Celebrating the Bilingual Child Month

During the first week of the school year, I told my students how lucky they were to have their bilingualism supported and valued. I shared with them how bilingual education wasn’t an option for me, growing up in New Jersey. Instead, I was automatically labeled with “ESL” {English as a Second Language} and I didn’t learn Spanish formally. I also reminded them that their parents were most likely encouraged to lose their Spanish and not speak it at all in school. Unfortunately, this was something that happened far too often with older generations.
mother holds bilingual son
Thankfully, for the most part, this isn’t the world our children are growing up in. My son is currently in a dual language program, where his Pre-K class is 90% in Spanish and 10% in English. Seeing him now, coming home with Spanish songs about letters and shapes, makes my heart burst with pride. Knowing his bilingualism is being celebrated is a blessing I will always be thankful for.

No Win is Too Small to Celebrate

mother holds small son in the airOctober is Celebrating the Bilingual Child Month, and believe me, there is no language win too small to celebrate. We at home celebrate every new word our son learns, whether it’s in Spanish or English. We encourage his translanguaging and code switching, all the beautiful ways his Spanglish comes out. We don’t shame or correct when both languages show up in a sentence, because it is entirely natural for bilingual speakers.
When my own bilingual fifth graders step out of their language comfort zone to try the less dominant language, I shine my metaphorical spotlight on them. This, I tell them, is how we become truly bilingual, when we let go of silly fears and doubts, for the sake of language learning. If we pronounce things a little off, that’s okay. If our sentence structure isn’t just right, that’s okay. If our spelling is missing a few letters here and there, that’s okay. This is all part of becoming truly bilingual.

Learning Languages Organically

father and son sit on curb talkingAt home, we play loteria {Latinx American Bingo} in Spanish. We watch our favorite shows and movies on Disney+ and Netflix in Spanish. We dance around the house listening to Selena and Camilo, two of our favorite Latinx American singers. We read authentic Spanish books from Latinx American authors and illustrators. And we also practice our English. On playgrounds, with cousins, with Target and H-E-B employees, there are many opportunities for him to develop his second language.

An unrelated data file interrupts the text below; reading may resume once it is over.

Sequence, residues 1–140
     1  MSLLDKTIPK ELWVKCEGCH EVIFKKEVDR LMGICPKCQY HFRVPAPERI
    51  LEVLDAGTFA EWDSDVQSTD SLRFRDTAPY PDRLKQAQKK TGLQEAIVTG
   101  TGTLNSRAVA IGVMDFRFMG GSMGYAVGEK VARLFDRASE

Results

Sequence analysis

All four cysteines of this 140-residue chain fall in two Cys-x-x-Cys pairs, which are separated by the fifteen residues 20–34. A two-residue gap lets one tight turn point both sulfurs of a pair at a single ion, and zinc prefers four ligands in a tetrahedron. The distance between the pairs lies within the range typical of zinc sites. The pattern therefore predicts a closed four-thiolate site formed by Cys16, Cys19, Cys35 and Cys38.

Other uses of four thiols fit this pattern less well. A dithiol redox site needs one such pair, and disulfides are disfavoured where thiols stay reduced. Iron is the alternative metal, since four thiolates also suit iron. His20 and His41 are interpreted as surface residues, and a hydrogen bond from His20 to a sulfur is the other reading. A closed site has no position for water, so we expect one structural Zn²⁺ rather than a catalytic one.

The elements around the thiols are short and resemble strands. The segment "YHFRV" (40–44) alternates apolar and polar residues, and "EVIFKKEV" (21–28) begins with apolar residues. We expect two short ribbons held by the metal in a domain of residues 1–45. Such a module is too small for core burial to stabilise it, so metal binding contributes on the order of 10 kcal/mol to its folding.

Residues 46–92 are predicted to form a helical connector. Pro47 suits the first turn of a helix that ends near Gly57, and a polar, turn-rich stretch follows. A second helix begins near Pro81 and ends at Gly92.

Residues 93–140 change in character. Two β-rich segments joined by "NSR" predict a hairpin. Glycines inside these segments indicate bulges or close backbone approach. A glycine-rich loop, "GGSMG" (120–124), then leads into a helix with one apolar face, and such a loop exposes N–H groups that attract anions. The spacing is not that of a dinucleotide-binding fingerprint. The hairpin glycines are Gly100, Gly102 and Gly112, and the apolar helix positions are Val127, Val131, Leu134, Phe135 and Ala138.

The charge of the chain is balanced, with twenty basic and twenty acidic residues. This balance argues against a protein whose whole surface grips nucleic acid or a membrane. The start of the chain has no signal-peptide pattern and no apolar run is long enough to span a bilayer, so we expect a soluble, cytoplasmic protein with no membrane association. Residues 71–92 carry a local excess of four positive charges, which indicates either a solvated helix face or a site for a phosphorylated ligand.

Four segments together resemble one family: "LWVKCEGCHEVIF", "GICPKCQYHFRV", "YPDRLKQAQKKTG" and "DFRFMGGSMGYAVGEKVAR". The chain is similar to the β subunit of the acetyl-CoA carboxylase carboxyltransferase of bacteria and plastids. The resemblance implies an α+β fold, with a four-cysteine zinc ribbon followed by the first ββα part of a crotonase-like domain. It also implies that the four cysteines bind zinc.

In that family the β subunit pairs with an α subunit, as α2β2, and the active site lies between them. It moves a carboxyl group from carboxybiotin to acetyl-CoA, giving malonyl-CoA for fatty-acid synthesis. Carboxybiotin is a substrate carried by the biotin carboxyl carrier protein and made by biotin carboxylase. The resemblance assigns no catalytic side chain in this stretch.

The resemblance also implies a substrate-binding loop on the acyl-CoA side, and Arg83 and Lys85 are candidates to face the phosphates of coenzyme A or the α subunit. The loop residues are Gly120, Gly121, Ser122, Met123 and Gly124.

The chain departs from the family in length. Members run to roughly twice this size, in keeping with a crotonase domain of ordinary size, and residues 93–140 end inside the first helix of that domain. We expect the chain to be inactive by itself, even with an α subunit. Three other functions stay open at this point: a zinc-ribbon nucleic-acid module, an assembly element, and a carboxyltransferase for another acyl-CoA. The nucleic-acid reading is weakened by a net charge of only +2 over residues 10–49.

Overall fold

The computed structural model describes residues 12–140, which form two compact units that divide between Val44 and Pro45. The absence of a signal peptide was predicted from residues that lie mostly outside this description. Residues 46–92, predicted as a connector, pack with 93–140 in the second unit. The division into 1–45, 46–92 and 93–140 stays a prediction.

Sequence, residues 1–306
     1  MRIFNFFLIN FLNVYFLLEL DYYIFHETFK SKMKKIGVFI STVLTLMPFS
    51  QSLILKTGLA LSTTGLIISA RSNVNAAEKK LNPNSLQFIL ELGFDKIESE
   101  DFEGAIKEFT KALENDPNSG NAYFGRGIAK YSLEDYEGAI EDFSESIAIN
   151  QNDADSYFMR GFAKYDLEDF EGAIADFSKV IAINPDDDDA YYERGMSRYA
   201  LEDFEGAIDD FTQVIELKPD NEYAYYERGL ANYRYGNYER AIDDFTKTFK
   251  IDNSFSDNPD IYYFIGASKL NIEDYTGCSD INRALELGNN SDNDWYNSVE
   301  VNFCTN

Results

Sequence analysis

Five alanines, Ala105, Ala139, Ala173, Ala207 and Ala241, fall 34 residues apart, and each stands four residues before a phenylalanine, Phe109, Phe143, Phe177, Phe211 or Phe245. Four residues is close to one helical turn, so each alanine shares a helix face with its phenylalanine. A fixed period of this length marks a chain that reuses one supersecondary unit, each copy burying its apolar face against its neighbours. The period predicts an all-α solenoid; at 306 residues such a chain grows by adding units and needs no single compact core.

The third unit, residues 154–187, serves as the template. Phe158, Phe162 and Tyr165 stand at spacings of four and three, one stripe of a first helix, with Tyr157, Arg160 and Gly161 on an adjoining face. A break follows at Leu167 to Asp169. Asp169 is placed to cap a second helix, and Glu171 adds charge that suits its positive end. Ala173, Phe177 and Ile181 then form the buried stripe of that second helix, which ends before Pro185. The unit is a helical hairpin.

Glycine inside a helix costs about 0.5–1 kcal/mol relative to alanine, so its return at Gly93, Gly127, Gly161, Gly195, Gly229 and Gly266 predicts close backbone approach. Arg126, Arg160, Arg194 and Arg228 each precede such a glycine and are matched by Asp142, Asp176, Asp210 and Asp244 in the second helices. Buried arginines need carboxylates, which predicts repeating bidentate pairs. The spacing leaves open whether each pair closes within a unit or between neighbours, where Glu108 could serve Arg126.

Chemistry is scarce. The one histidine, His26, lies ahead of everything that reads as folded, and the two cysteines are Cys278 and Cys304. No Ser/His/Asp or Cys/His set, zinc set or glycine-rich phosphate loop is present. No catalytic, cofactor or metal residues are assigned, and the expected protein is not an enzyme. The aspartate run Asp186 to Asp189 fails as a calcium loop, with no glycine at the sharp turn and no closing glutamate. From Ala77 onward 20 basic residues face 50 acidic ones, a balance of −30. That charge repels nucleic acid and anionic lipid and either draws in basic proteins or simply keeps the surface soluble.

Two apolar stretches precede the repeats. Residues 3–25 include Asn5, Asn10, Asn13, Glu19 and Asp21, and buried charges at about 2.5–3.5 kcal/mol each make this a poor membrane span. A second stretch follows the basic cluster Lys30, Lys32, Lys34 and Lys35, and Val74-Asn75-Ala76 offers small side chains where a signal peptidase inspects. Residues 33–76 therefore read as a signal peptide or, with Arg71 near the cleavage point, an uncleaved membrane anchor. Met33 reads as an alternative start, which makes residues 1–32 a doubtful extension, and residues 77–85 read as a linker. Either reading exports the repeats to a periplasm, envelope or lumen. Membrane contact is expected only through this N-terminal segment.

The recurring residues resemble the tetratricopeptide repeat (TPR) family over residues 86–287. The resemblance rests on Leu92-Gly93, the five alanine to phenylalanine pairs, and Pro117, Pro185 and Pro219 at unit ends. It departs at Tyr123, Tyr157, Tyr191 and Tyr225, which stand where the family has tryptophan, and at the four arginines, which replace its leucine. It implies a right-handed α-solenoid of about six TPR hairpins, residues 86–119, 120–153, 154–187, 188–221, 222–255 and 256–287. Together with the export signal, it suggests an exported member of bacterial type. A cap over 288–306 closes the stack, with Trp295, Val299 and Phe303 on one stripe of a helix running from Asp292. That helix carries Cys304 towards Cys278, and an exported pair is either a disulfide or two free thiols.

Language learning happens organically in our family. No stress, no pressure. We have found a beautiful balance in our bilingual home, and while it’s taken a great deal of effort, I’m so glad to have started this bilingual parenting journey.

Find Your “Why”

Sign that reads Se Habla EspanolI can’t tell you how often I hear from other moms: “I wish we had raised our children bilingually!” To which I always want to respond with: “It’s never too late.” With my students, I often share that I almost lost my Spanish in high school. I wasn’t using it much at school other than in my Spanish class, and since my parents spoke enough English, I didn’t need it at home either. I could feel it slipping away. I had to reclaim my Spanish as a means of reclaiming my roots. That was my “why,” and it motivated me to be intentional about practicing Spanish more at home and asking my parents not to let me respond in English.

Fast forward 15 years, and I am now a bilingual elementary school teacher, raising my son with the minority language at home. My “why” from 15 years ago is still enough today, and it will carry me through many years of bilingual parenting to come.


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Liz Márquez
Liz was born into a big, beautiful, and loud Ecuadorian-American family. For the first nineteen years of her life, they lived in Clifton, New Jersey, until the cold weather got to be too much. While she was not initially a fan of the move to Texas, Liz now adores the city of Houston, so much so that she had the downtown skyline tattooed on her forearm. Houston proudly witnessed her graduate with a degree in Bilingual Education and joyfully watched her become a seasoned classroom teacher. Houston most importantly taught Liz how to two-step and line dance, while reminding her of her deep love for old-school Latin salsa. Houston beamed with excitement when she unexpectedly fell in love with a Pasadena-raised country-lovin’ boy who would become her husband and the father of their little boy. Now, Houston gets a front-row seat to Liz’s unfolding, healing, and becoming through the art of storytelling and poetry. Telling and writing stories was always Liz’s first and greatest love, and coming back to it now for her feels like coming home. Here in Houston, or wherever she and her family end up, she rests easy, knowing they are forever gathered under the wings of the Divine.


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